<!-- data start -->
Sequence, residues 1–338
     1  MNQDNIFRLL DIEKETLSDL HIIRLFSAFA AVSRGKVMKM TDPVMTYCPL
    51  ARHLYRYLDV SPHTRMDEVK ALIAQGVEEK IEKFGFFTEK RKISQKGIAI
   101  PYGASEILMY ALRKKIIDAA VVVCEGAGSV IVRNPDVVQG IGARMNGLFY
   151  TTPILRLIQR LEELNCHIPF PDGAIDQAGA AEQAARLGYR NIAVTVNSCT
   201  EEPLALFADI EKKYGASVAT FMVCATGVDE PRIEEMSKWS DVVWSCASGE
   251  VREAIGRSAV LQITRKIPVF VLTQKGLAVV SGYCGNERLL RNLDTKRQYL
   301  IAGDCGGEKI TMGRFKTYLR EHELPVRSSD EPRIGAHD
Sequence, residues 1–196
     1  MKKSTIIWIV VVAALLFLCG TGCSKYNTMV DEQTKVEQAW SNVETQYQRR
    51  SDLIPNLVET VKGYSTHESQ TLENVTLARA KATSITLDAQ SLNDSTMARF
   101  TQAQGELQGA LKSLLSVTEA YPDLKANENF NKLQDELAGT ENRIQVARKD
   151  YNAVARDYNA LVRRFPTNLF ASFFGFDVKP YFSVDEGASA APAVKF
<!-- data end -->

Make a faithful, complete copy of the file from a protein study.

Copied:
Sequence, residues 1–338
     1  MNQDNIFRLL DIEKETLSDL HIIRLFSAFA AVSRGKVMKM TDPVMTYCPL
    51  ARHLYRYLDV SPHTRMDEVK ALIAQGVEEK IEKFGFFTEK RKISQKGIAI
   101  PYGASEILMY ALRKKIIDAA VVVCEGAGSV IVRNPDVVQG IGARMNGLFY
   151  TTPILRLIQR LEELNCHIPF PDGAIDQAGA AEQAARLGYR NIAVTVNSCT
   201  EEPLALFADI EKKYGASVAT FMVCATGVDE PRIEEMSKWS DVVWSCASGE
   251  VREAIGRSAV LQITRKIPVF VLTQKGLAVV SGYCGNERLL RNLDTKRQYL
   301  IAGDCGGEKI TMGRFKTYLR EHELPVRSSD EPRIGAHD
Sequence, residues 1–196
     1  MKKSTIIWIV VVAALLFLCG TGCSKYNTMV DEQTKVEQAW SNVETQYQRR
    51  SDLIPNLVET VKGYSTHESQ TLENVTLARA KATSITLDAQ SLNDSTMARF
   101  TQAQGELQGA LKSLLSVTEA YPDLKANENF NKLQDELAGT ENRIQVARKD
   151  YNAVARDYNA LVRRFPTNLF ASFFGFDVKP YFSVDEGASA APAVKF